Self & Ethics: The Science of Altruism, Part 2

Self & Ethics: The Science of Altruism, Part 2


As we consider the views of both Buddhist philosophy and Western science on the nature of the self, what are the implications about our interactions with others, and our behavior in the world? What can we make of the idea that the self is constructed, and that all phenomena, including “selves,” are interdependent and mutually co-arising? In this presentation, I will discuss how the way we conceive of the self has deep repercussions on our relation to ourselves, to others, and to the world. I will also distinguish the notions of altruism, empathy, and compassion, and present a way to enact both individual change and societal change by adopting a more compassionate, selfless attitude. Specifically, I will explore the concept of altruism and attempt to show that it is a natural predisposition among human beings. Although some philosophers and psychologists have believed that we are irredeemably selfish, there are no scientific studies supporting such theory; indeed, a significant number of people do behave altruistically. I will also argue that altruism seems to be the only concept allowing us to reconcile the needs pertaining to the short term of the economy, the midterm of the quality of life, and the long term of the environment. Applications will be considered, including enhanced cooperative learning in schools and stronger cooperation within corporations, as well as the notion of sustainable harmony, which aims at reducing inequalities and preserving our environment and the other 8.7 million species who are our co-citizens on this planet.

  • Dialogue 30
    19 sessions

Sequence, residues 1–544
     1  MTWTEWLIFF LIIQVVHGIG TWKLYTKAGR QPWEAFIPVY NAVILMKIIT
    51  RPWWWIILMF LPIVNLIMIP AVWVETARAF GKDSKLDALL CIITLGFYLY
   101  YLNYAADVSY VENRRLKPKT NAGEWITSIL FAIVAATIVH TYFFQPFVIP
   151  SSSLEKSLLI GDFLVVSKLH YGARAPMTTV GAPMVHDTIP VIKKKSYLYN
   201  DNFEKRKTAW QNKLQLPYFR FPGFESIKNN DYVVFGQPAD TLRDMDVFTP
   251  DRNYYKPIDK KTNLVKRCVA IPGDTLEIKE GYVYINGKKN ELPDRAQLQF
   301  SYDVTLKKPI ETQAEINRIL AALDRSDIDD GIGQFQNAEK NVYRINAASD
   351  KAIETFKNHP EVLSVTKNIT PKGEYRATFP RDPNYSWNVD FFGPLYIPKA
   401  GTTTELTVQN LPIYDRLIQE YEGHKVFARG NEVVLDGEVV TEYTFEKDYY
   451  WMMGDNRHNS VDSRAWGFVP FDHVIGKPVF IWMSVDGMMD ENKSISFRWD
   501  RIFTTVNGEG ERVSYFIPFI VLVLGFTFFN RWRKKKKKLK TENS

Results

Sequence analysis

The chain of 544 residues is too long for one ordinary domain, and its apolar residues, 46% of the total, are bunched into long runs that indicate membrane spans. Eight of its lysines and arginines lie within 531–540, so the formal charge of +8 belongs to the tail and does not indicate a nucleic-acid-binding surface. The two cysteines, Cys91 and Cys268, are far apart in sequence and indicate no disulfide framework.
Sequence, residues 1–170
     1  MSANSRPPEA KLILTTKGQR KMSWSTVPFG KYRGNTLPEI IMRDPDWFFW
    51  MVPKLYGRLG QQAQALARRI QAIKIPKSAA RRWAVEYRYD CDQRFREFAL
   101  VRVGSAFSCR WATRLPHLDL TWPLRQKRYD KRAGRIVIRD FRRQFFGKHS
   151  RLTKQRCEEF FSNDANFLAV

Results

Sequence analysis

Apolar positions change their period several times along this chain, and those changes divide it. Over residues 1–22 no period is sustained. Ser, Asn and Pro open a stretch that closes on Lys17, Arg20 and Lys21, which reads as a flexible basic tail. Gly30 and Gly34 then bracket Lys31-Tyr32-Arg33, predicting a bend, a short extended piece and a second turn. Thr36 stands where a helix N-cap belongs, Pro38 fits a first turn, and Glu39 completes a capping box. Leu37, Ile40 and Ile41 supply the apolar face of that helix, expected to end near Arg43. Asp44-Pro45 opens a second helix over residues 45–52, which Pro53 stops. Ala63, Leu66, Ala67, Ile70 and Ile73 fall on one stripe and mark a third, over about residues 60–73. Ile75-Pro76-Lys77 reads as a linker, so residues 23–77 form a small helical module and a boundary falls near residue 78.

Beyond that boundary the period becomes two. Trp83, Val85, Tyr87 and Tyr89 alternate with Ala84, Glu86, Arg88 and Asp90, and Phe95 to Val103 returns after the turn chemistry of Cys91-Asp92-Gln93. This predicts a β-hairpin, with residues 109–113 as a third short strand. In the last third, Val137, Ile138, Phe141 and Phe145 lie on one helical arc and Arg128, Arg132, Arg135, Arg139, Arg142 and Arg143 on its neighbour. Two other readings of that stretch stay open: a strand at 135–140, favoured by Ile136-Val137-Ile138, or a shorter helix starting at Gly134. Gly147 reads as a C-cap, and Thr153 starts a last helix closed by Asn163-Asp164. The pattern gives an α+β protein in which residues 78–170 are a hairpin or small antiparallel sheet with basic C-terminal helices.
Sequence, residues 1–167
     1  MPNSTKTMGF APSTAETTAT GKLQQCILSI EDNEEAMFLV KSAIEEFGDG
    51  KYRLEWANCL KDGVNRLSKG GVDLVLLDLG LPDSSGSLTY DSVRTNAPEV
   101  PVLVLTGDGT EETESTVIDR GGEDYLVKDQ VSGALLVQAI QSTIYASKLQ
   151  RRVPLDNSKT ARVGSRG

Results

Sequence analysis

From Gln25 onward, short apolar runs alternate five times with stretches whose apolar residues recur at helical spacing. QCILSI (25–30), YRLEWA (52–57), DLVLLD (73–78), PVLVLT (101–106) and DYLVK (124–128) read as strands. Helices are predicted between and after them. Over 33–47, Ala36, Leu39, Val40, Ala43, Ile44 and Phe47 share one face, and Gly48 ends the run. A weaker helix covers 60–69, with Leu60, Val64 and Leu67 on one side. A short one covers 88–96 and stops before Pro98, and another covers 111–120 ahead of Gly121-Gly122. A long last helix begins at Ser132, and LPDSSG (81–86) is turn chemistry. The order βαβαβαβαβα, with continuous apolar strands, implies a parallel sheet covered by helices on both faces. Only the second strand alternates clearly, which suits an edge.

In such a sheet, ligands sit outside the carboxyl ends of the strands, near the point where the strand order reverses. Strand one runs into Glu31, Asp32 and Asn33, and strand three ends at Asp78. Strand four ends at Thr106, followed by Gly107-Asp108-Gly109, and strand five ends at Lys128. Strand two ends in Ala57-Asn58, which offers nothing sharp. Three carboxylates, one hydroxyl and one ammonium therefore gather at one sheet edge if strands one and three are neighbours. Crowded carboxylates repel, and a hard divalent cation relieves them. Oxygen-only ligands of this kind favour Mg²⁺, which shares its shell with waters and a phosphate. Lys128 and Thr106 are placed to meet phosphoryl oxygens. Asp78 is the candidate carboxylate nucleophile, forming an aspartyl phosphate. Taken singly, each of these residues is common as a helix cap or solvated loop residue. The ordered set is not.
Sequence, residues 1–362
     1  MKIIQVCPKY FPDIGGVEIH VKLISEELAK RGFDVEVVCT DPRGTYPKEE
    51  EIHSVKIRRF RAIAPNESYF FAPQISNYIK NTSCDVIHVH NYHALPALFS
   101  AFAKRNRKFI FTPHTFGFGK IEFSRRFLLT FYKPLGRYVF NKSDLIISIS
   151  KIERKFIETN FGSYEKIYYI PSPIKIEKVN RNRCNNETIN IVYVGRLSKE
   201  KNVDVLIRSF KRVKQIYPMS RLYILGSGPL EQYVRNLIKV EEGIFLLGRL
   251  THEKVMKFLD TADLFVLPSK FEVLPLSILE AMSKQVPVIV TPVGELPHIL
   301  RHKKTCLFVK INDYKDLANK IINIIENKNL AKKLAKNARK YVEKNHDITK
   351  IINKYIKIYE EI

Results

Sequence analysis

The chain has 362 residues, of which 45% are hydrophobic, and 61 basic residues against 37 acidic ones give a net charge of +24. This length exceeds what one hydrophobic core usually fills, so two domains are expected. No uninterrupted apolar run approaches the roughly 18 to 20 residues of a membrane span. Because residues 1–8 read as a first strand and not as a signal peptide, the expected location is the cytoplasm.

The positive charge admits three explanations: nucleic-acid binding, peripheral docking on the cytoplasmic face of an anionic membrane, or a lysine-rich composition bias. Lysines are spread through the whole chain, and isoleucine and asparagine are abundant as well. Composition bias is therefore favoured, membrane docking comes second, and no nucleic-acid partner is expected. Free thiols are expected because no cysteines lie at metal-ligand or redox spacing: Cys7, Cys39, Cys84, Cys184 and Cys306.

• December 17, 2015
    Sera Monastery, Bylakuppe, India
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Richard Davidson

Richard J. Davidson, PhD, is the founder and chairman of the Center for Investigating Healthy Minds at the Waisman Center, and the director of the Laboratory for Affective Neuroscience and the Waisman Laboratory for Brain Imaging and Behavior, both at the University of Wisconsin–Madison. He was educated at New York University and Harvard University, where he received his bachelor’s of arts and PhD degrees, respectively, in psychology. Over the course of his research career, he has focused on the relationship between brain and emotion. He is currently the William James professor and Vilas research professor of psychology and psychiatry at the University of Wisconsin. He is co-author or editor of 13 books, including Visions of Compassion: Western Scientists and Tibetan Buddhists Examine Human Nature, The Handbook of Affective Science, and The Emotional Life of Your Brain. Davidson has published more than 300 chapters and journal articles, and is the recipient of numerous prestigious awards for his work, including the Research Scientist Award from the National Institute of Mental Health, the Distinguished Scientific Contribution Award from the American Psychological Association, and election to the American Academy of Arts and Sciences. He has served on the board of directors for the Mind & Life Institute since 1992. In 2006, Time named him one of the 100 most influential people in the world, and he received the first Mani Bhaumik Award from UCLA for advances in the understanding of the role of the brain and the conscious mind in healing.